Heritage, letters, and public history : Dorothea Fairbridge and loyal unionist cultural initiatives in South Africa, circa 1890-1930'

Doctoral Thesis


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University of Cape Town

The study of the life and work of the 'nation building' author Dorothea Fairbridge is framed by the concept of the inventing of heritage for the Union of South Africa, circa 1910. The thesis begins with a historicizing of the concept of heritage, which is shown to have enjoyed a complex and wide range of social and cultural implications during the period roughly 1880 to 1930. This heritage paradigm or heritage discourse is reflected in the narrative dynamics of the contemporary novel, and samples including Fairbridge's fiction are discussed. The heritage paradigm is then applied in a survey of the Fairbridge family and its contribution to public culture. This paradigm is turned to the idea of the inventing of heritage for the Union, with a study of the rise of a 'Cape vernacular' architectural style and related topics, at the time of Union. The 'Van der Stel controversy' of 1909 plays a central role in Fairbridge's literary and historical work. The place of Van der Stel's farm, Vergelegen, as a cultural centre at the time of Union, is discussed, along with Fairbridge's classic studies of old Cape architecture and history. The exportation of the Cape vernacular building style as a national architectural idiom for South Africa at large is explored in a case study of the Tongaat-Hulett sugar estate in Kwazulu-Natal. The role of genteel anglophone Englishwomen in defining Cape identity at the time of Union is explored, and Fairbridge's Guild of Loyal Women is shown to have been the origins of the Commonwealth War Graves Commission. Questions of archivism, memory, history and memorialism are linked. The significance for literary production, of British immigration schemes, is discussed. The idea of national identity is then pursued in terms of the period genre of the 'new pageantry' where national and ethnic identity are performed. This is compared with mural painting in public buildings, and a case study is made of the 1908 Quebec Tercentenary pageant and the 1910 South African Union pageant. The study of Fairbridge and her milieu closes with a reconstruction of the cultural matrix with which the 'Cape-to-Cairo' idea was sustained for three decades, including an examination of the concept of the Cape as 'Mediterranean'. Thus, Fairbridge's contribution to South African public culture and identity is traced through her thirteen books and in the context of heritage, Africana, archives, colonial book production, architecture, gendered interests and activities, public performances, cultural geography and travel writing.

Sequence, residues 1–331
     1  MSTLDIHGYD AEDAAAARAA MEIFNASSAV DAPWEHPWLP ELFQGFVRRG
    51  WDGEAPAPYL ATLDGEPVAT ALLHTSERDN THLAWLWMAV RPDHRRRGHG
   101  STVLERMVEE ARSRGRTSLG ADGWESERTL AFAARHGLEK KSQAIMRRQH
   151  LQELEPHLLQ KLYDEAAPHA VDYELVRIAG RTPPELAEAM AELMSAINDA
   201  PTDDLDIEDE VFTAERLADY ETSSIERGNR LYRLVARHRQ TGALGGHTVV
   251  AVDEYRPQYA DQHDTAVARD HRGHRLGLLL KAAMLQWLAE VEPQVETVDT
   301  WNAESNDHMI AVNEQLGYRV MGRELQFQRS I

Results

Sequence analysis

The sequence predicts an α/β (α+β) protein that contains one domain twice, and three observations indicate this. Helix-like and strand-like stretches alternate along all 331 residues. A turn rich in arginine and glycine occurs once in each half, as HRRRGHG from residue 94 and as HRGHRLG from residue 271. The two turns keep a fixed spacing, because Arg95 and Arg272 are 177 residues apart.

Bibliography: p. 287-312.